Tech Check

Sanity Keeper


'Tis the season that we spend all this time and effort talking about Google, Apple, Microsoft, HP, videogames, what's hot in holiday electronics. But there's a gadget I used over the weekend that could change the world as we know it.

In the old days there was something magical about going out to get the holiday tree: whether you braved the weather and slaved away at cutting the tree down yourself (a better work-out than anything at 24-Hour Fitness), or picked out a winner at the tree-lot downtown.  Nowadays, we pull our tree out of the garage and build it: Four large, heavy pieces that once assembled, tower 10 feet high, and when the "branches" are properly fluffed, six feet across.  Better still, the tree comes pre-lit with more than 1,200 bright little bulbs. My wife Michelle found the tree, and when it's up, and decked, it may not be natural, but it is magical.

So this past Saturday, after assembling the tree, Michelle plugged it in and, HORROR, three branches wouldn't light. With a normal tree, you dismantle the lines and look for the blown bulb, but with a pre-lit tree, when the light-lines are intertwined with the branches themselves, looking for one bulb in that pine-needle stack, is, well, a needle in a haystack. Frustration.  Panic! Michelle called the tree company Sunday morning and they told us about the LightKeeper. It should be renamed "Sanity"Keeper; "Marriage"Saver; Christmas Keeper!

We bought one at Lowes for $15, took it home, plugged in the offending light strand and it instantly turned on. We plugged in another strand and within a nano-second, dark became light and the tree was magical again. Lights that ended up in the trash were instantly transformed into sparkling beauty illuminating the keepsakes we'd been collecting and hanging for the last 10 years.


The LightKeeper Pro comes from a company called Ulta-Lit Tree Company in Glenview, Ill. It looks like a little .38 revolver and comes loaded with the kind of "why didn't I think of that" technology that could save your holiday: An Audible Continuity Detector, a Fuse and Bulb Tester, and bulb puller. Say it with me: "Sanity"Keeper.

The company's website spells out exactly how the patented technology works: Most miniature holiday light strands blow out when a single bulb "shunt" fails, either because it blows out or because it gets cracked. The shunts sit at the base of the filament inside the bulb. When the bulb fails, it blocks the shunt and the electrical current that had been flowing through it.  When that connection is lost, a big section of the strand goes dark since the whole line works only when electricity travels from one shunt to the next. When you plug your strand into the LightKeeper gun, you pull the trigger and it sends a shaped, electrical pulse through the defective bulb, clearing the shunt.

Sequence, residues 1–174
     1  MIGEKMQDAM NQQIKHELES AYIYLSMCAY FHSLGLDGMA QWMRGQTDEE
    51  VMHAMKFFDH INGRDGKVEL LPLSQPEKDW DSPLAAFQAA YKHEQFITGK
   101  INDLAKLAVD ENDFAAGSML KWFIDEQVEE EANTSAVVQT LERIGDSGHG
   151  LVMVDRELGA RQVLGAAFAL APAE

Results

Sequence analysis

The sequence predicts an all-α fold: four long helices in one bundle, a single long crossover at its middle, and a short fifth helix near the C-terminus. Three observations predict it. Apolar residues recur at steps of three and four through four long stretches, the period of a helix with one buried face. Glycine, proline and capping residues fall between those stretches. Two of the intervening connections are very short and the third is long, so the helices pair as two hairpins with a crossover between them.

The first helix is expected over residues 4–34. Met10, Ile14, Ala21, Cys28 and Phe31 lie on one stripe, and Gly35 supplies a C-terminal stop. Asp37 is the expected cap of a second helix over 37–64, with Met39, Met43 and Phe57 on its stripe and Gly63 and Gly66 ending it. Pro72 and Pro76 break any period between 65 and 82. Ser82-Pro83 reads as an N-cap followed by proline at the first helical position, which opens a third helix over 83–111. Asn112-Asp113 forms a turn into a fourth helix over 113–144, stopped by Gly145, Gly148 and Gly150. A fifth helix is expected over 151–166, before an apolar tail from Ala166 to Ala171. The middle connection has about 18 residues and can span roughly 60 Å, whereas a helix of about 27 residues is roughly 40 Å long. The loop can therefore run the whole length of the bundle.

"To you and I it would feel like a click of static electricity. But to the lightbulb, it's like getting hit by a Mack truck," says Ulta-Kit president John DeCosmo.

Once the shunt is cleared, electricity passes through it, completing the circuit and re-lighting the entire strand. That one bulb can still be burnt out, but because electricity is passing through that pesky shunt, the rest of the strand is lit.

If that doesn't solve the problem, the LightKeeper also has a continuity/voltage detector.  Using a chip inside the gun, the device can find where the flow of electricity stops through the lightstrand so you can pinpoint which bulb is causing you the problems. All electronic. All easy. And all within seconds.

The LightKeeper was invented by Rich Frederick of Roanoke, VA, who puts out 7,000 lights on his house every year. He holds the patent and Ulta-Kit is the exclusive licensee. 

"I told him right away, you're on to something," DeCosmo tells me.

Ulta-Kit has already sold a more than a million of these LightKeeper Pros. Doesn't do advertising of any kind. No "As Seen on TV" stickers on its displays at Lowes, Ace Hardware, Home Depot and other retail outlets. It works, so it sells, says DeCosmo. And with pre-lit trees outselling the natural kind this year, he says a device like this one is more important now than ever. In the past, consumers would toss a non-working lightset because it was cheap and they'd just replace it. But that's harder to do when the pre-lit tree, snowman or mechanical reindeer cost $50 or more. Making his inexpensive light-saver the gift that keeps on giving!

So, why such attention on something seemingly so small? We get so bogged down in big-time tech: Intel's QuadCore microprocessors, the CELL chips inside the new Playstation 3, whether Apple will incorporate Bluetooth into new iPods, or whether the iPhone from Apple is coming soon. Blu-Ray, HD-DVD. 

And then there's this: a high-tech solution to such a vexing, low-tech problem. And a classic case of a company listening to customer needs and coming up with a product that addresses them: Ulta-Lit is a leading manufacturer of pre-lit, pre-fab Christmas trees. The company probably got sick of panicked phone calls from customers worried they'd have to throw away the whole tree because of a single burnt bulb. The lightbulb went off over their heads! A company meeting an unmet market need. Go figure!

No word on whether Nobel plans to add a category; but maybe there's nobility in saving Christmas!

Questions?  Comments?